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Coron is a town in Busuanga, which is the largest island in the Northern Palawan area and is in itself a mini-archipelago. Coron is also the name of the island across the channel from the town, an island with prehistoric vibes. Only small, light turbo-prop planes can land on the airstrip in a small valley located in the middle of Busuanga.

One lands, it appears, in the middle of a cattle ranch, apparently the biggest in this part of the country as I was told. Our adventure began immediately after we stepped out of the “terminal”, basically a modest little shelter from the elements. Riding a jeepney to the harbor town of Coron, we passed tropical jungle scenery along a winding road through hilly terrain.

After about an hour of rustic views along the undulating unpaved road, we reached Coron. Towns like this are always quaint to us city-dwellers, meaning that it is small enough to not have traffic snarls. The smell of fish and the sea permeated the air and the ubiquitous Styrofoam containers of freshly caught and iced marine creatures were everywhere as we headed for the pier – being loaded into vans, on the back of small trucks, carried by lean sinewy men and being stuffed into passenger tricycles (a 2-3 person transport carriage with a small motorcycle attached to it). While in-town accommodations were definitely more budget-friendly, our companions opted for a less ‘fishy’ option.

Our resort accommodation was in offshore Uson Island, a mere 5 minutes away by boat from the Coron pier. We were pleased with our island lodgings on Uson for the next 3 days – no phones, no TV, no chattering radio, no karaoke (heaven!). As we put our cellphones away into the deep recesses of our bags, we were informed that the wireless Internet room was available for email. Well, not quite Robinson Crusoe… but close enough.

Our agenda was simple and straightforward – hop as many islands as we could (we were told there were more 4 dozen in the vicinity, most with white-sand beaches), see Culion, the former island leper colony now a museum and historical landmark, see the World War II battleship wrecks, snorkel the fabulous coral gardens, soak in the very relaxing hot springs of Maquinit and see the Jurassic-looking island of Coron (across the channel from Coron town) with its majestic limestone spires, ancient Kayangan Lake and its Twin Lagoons.

After a filling seafood lunch, we headed for Coron Island’s Kayangan Lake. As we approached the opening to the inner lagoon with its towering limestone cliffs, everyone was quiet and obviously dumbstruck at the prehistoric-looking scenery. From the lagoon, we could see the trail leading up the side of a cliff to the lake about 400 feet above us.

Halfway up the trail is a ledge where you can rest and marvel at the awesome view of the turquoise lagoon below and the limestone skyscrapers surrounding it with glimpses of Busuanga across the channel. Kayangan Lake is clear and totally swimmable at just the right temperature. If you swim out a few hundred yards past the first bend, it gets a little eerie as it is very quiet and primordial; you almost expect to see pterodactyls swooping down from the cliffs above.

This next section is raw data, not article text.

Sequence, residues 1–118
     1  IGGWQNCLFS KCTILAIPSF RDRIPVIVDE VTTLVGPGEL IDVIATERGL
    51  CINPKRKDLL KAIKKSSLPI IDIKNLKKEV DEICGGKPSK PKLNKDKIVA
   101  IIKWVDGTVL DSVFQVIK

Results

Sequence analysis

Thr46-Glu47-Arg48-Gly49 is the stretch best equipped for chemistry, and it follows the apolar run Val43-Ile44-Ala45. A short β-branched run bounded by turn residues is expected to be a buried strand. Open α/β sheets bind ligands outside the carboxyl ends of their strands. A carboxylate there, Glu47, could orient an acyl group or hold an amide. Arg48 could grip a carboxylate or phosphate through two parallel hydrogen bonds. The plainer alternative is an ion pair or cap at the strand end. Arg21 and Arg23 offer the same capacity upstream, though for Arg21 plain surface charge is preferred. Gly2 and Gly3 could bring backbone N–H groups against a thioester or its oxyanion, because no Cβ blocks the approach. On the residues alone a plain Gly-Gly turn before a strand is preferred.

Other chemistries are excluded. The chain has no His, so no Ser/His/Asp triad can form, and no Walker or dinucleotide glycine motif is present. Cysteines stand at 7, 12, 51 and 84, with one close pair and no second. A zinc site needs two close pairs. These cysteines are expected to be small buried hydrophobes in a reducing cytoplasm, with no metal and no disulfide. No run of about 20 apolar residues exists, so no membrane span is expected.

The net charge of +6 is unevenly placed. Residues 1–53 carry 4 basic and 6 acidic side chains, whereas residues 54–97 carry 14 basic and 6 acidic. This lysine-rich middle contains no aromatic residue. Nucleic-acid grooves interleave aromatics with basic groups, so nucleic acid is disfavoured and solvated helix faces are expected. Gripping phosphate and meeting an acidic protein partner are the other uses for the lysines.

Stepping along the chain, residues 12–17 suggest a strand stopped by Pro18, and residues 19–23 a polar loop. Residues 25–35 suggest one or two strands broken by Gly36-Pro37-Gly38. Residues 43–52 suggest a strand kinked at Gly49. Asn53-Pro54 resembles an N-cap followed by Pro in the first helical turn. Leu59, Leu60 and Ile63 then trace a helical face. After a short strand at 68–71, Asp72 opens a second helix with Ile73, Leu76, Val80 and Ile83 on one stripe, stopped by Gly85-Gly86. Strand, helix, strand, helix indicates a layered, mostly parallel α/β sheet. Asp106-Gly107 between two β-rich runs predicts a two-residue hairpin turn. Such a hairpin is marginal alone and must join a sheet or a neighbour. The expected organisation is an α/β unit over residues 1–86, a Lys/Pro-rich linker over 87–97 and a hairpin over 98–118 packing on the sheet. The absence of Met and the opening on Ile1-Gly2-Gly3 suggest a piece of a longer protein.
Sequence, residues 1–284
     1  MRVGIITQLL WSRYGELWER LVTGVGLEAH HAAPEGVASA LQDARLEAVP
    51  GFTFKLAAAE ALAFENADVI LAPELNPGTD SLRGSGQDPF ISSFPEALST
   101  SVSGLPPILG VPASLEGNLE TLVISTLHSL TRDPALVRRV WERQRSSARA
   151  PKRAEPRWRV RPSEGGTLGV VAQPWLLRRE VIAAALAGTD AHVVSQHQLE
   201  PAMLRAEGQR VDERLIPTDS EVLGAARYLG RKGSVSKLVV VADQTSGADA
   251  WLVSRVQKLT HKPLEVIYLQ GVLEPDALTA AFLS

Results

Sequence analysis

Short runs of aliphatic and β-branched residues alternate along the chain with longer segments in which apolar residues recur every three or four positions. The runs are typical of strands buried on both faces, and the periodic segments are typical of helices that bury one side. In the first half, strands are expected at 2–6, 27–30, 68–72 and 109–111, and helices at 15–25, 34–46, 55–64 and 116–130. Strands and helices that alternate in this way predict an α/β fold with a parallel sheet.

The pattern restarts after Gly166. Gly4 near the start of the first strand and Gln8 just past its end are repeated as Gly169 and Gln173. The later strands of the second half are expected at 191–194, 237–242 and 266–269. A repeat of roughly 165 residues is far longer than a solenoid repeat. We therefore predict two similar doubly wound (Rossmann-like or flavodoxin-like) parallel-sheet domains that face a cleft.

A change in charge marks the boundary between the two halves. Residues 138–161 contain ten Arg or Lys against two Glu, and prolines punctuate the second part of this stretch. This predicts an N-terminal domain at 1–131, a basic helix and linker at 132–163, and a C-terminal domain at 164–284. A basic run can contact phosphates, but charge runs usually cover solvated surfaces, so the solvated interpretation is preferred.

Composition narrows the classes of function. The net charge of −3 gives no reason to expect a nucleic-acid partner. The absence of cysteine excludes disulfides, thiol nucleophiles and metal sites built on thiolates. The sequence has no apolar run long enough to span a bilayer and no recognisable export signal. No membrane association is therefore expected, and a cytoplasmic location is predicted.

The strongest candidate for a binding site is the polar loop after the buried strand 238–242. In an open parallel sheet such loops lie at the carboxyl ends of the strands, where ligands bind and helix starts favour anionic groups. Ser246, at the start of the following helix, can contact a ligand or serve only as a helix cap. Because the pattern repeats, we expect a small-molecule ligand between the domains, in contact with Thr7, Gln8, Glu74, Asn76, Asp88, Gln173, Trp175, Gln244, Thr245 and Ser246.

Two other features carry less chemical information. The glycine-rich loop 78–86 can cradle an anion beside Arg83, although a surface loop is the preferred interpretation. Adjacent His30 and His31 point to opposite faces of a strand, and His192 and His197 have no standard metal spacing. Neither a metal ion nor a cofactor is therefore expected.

Coron Island’s west side is one giant limestone wall about 10 miles long facing the open sea. Cruising along it on the outrigger, I got the sense of the remoteness and the solitude of this place. About 20 minutes of cruising and we hit Banol Beach, a small cove with creamy white sand – a cool spot perfect for a dip. Afterwards, we cruised for only about 15 minutes to reach Skeleton Beach.

Here, we put on or snorkels to marvel at the sight of a sunken Japanese battleship lying in the shallow waters. There were other beautiful underwater sights as well – a coral garden teeming with marine life. The afternoon wore on and we had to head back to Coron town for our sunset hour soak at Maquinit Hot Springs. We were told that it was just too hot to go there any other time of the day.

Judy Razon
Judy Razon worked in the Philippines as a television and video events writer and director for several national television shows, including lifestyle, real estate, men's lifestyle, cooking, sports and touring events.

Currently based in the U.S., she is also a published travel photographer for SE Asian English-language glossy magazine publications and has a passion for music, film and photography.
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One Response to Philippines-Coron

  1. Matt May 18, 2011 at 5:38 am #

    How are the shipwrecks bearing up as I have heard people breaking them up with explosives to sell the metal for scrap which no doubt isn’t doing the fish life or any of it that had become overcome as an artificial coral.

    Nice description of your trip by the way haven’t been up to Palawan yet but definitely going to get there at some point (I live in Cebu).

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